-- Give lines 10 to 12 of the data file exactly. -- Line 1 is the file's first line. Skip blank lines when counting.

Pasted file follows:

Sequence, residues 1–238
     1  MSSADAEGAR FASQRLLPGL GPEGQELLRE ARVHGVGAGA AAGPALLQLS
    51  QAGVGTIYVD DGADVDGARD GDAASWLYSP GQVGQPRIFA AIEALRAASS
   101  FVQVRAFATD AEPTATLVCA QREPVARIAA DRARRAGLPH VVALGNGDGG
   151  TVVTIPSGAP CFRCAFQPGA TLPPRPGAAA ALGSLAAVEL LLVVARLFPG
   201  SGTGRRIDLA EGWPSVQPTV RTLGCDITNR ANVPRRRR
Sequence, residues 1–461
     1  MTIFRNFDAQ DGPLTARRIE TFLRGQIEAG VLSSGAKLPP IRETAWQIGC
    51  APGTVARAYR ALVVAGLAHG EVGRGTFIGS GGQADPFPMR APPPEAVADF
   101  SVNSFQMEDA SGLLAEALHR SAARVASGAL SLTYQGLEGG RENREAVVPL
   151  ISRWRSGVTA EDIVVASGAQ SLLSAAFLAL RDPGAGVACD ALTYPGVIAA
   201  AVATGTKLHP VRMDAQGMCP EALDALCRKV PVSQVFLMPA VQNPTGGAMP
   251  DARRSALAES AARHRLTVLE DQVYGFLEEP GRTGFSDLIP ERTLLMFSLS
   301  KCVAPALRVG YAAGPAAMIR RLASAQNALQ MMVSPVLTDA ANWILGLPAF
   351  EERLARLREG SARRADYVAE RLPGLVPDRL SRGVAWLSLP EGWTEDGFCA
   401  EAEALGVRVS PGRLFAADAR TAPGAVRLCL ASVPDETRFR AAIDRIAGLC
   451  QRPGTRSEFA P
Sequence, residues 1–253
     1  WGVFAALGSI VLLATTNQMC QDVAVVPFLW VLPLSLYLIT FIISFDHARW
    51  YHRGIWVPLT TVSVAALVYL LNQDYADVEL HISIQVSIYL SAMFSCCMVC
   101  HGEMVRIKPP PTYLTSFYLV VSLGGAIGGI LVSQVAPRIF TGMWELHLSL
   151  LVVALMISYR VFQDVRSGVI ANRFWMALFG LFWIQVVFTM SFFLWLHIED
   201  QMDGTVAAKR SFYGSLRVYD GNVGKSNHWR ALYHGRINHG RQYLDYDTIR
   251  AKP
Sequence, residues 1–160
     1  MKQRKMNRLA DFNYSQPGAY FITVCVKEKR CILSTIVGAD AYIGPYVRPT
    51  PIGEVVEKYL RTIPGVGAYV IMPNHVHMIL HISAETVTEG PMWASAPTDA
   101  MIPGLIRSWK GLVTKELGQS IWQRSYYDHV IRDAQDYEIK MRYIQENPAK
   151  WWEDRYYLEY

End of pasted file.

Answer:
   101  SVNSFQMEDA SGLLAEALHR SAARVASGAL SLTYQGLEGG RENREAVVPL
   151  ISRWRSGVTA EDIVVASGAQ SLLSAAFLAL RDPGAGVACD ALTYPGVIAA
   201  AVATGTKLHP VRMDAQGMCP EALDALCRKV PVSQVFLMPA VQNPTGGAMP